Raised in Franklin, West Virginia; a small farming town bordering the Shenandoah Mountain. Dr. Sponaugle attended West Virginia University with the funding of government loans and scholarships. He graduated PHI BETA KAPPA with a Degree in Chemistry and was awarded these additional honors:
- Alpha Epsilon Delta National Chemistry Honor Society
- Who’s Who in American Colleges and Universities
- Beta Theta Pi National Merit Scholarship
In addition, he was awarded one of four scholarships, given each year by the state of West Virginia, to exceptional PREMED students for matriculation at the WVU School of Medicine. After receiving my Medical Degree at WVU, he began an Internal Medicine residency at Charleston Area Medical Center with the intent to become a cardiologist.
While performing my Internal Medicine Internship, I become disillusioned with several aspects of Internal Medicine; particularly Oncology and Rheumatology. With a love for Cardiology, Pulmonology and Intensive Care Medicine, I left my Internal Medicine Residency to seek specialty training in Intensive Care Medicine at the University of Florida.
I chose an Anesthesiology Residency at the University of Florida, because the Anesthesiology department was leading the country in pioneering new modalities of Intensive Care Medicine. For that reason, the department offered experience in medical care for multiple modes of intensive care units; the Pediatric ICU, the Surgical ICU and the Burn ICU.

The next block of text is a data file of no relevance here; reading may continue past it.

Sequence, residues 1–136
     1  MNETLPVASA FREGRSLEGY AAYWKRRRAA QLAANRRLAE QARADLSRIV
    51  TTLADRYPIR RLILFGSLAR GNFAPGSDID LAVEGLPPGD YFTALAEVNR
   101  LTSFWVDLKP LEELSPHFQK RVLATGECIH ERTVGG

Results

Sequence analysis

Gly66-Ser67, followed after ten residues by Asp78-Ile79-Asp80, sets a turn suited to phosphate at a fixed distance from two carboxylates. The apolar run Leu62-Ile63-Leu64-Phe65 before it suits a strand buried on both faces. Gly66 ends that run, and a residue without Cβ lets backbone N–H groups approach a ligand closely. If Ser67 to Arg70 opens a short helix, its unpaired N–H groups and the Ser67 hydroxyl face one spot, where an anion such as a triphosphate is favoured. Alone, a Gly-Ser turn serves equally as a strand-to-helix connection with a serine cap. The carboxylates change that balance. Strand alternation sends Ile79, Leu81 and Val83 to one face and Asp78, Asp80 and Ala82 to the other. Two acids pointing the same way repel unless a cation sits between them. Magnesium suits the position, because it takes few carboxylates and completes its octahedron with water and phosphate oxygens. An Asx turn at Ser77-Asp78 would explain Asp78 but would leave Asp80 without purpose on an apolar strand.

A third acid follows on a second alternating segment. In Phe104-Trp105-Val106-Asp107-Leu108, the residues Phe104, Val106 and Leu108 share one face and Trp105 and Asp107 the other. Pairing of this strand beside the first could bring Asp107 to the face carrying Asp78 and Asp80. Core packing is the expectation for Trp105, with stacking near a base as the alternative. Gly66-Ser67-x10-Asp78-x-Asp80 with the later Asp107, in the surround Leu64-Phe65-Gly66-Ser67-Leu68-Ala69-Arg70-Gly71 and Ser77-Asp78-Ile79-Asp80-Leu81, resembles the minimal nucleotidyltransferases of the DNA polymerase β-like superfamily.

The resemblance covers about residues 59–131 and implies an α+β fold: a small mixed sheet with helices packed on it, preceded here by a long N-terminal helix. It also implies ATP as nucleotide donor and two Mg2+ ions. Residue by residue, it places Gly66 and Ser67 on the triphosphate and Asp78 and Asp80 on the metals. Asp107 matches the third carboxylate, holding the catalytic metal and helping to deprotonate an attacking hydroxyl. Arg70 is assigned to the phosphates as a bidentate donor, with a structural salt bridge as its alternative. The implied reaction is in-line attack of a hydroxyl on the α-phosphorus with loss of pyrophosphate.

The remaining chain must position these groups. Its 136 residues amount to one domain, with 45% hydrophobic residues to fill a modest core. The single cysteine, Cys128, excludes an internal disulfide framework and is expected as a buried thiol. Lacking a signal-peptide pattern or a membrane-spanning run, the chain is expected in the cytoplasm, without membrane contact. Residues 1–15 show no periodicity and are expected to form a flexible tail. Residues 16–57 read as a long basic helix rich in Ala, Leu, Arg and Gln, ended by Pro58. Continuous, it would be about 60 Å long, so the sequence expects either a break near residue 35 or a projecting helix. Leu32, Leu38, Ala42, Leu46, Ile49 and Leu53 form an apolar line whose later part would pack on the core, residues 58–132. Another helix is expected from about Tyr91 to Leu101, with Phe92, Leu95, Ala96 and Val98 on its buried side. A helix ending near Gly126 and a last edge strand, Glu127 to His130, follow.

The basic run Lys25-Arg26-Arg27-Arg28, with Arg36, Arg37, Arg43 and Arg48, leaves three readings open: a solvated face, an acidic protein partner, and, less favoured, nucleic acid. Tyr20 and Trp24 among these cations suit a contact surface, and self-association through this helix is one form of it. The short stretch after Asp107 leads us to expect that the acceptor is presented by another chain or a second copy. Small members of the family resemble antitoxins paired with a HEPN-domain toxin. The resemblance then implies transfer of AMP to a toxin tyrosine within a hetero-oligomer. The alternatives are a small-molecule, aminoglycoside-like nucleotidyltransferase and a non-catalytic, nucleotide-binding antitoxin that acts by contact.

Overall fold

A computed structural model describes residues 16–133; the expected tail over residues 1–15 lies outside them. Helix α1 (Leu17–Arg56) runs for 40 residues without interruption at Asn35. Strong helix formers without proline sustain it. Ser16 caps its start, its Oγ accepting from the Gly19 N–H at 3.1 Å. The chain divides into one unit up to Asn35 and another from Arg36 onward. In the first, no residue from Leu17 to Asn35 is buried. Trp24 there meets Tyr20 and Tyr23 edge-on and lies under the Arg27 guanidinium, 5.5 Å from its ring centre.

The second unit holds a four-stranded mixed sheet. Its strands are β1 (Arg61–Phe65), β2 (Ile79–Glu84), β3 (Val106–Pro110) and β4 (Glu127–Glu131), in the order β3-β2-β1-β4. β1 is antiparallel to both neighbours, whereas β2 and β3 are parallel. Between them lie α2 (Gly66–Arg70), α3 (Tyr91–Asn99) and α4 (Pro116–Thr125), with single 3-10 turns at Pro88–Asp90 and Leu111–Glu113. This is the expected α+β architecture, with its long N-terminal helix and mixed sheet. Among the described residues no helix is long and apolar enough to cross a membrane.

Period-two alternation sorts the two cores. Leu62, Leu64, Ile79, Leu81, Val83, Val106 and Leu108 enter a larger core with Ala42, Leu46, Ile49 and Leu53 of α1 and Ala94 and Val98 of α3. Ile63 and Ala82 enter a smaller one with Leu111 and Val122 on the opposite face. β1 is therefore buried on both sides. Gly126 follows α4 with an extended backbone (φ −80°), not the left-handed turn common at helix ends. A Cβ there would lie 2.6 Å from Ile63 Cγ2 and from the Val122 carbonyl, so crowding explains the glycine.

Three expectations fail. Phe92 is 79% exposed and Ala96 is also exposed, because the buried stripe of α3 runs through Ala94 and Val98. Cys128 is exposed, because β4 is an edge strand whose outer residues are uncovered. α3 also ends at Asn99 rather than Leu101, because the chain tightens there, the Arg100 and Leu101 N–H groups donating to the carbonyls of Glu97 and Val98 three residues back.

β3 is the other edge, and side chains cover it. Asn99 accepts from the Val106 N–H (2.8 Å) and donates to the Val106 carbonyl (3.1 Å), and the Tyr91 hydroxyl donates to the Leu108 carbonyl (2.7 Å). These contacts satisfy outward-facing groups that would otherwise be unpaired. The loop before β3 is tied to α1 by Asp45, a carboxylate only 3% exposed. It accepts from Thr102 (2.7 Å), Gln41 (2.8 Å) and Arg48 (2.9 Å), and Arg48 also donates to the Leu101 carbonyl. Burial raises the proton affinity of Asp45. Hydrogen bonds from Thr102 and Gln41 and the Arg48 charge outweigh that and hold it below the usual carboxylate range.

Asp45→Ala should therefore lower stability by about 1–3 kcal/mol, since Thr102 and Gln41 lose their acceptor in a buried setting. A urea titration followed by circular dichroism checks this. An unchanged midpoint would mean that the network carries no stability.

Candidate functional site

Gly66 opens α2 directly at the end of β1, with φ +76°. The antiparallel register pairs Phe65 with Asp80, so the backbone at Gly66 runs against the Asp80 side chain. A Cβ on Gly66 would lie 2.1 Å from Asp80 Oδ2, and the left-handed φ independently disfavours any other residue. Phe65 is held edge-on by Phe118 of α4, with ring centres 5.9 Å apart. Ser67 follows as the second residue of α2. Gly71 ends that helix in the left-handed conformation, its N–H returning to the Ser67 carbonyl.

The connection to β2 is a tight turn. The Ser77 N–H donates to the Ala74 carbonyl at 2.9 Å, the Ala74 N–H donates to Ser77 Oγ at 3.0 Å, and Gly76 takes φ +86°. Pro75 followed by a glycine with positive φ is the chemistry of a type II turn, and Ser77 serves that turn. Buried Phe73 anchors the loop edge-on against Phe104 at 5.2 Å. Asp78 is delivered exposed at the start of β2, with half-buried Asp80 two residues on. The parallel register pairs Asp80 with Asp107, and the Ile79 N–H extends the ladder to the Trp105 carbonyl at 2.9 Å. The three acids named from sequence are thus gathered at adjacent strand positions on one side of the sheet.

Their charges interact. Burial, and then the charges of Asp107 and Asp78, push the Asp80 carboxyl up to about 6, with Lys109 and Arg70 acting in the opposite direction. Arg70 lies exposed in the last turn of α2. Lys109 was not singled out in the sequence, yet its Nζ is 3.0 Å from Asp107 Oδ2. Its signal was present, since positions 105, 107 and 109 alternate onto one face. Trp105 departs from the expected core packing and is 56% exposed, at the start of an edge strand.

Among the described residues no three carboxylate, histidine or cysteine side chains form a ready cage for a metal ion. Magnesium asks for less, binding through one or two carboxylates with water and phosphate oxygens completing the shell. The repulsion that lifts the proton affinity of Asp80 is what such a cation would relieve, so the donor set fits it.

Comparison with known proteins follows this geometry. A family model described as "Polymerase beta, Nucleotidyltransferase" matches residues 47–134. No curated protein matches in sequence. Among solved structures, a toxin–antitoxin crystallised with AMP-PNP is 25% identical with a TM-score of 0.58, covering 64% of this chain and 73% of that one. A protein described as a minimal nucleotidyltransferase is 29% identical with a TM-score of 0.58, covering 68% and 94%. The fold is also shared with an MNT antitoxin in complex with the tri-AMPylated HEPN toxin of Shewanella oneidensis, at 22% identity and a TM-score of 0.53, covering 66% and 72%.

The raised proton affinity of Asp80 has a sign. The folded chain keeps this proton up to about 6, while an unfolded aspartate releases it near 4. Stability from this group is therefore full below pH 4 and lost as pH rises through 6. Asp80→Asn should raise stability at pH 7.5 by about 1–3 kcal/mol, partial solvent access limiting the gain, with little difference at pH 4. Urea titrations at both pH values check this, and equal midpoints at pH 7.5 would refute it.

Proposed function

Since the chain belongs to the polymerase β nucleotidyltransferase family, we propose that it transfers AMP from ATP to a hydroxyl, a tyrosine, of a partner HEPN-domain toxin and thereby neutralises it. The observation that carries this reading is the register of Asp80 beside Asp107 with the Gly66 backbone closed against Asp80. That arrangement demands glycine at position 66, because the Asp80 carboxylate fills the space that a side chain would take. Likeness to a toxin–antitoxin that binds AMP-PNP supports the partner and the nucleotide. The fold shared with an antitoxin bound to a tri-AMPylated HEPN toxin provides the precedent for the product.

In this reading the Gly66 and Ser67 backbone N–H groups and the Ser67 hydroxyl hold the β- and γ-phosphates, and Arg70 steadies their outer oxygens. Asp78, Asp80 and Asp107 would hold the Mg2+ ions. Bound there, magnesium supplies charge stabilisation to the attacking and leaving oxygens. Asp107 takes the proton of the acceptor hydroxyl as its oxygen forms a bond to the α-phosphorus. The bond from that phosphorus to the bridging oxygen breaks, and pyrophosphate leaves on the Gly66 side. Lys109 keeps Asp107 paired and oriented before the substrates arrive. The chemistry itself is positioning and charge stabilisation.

The Anesthesiology Chairman, Dr. Jerome Modell, and his professors, invented a ventilator therapy, called PEEP, which revolutionized the treatment for drowning. They had also invented CPAP (PEEP without an endotracheal tube) and, later, IMV (Intermittent Mandatory Ventilation). Treatment modalities invented by Anesthesiologists at the University of Florida have been utilized in Intensive Care Units throughout the world.
During my residency, I assisted in studies evaluating the efficacy of “SUPER PEEP” for maintaining oxygenation in severely burned patients; patients who develop “wet lungs,” because of sepsis-induced “capillary leak.”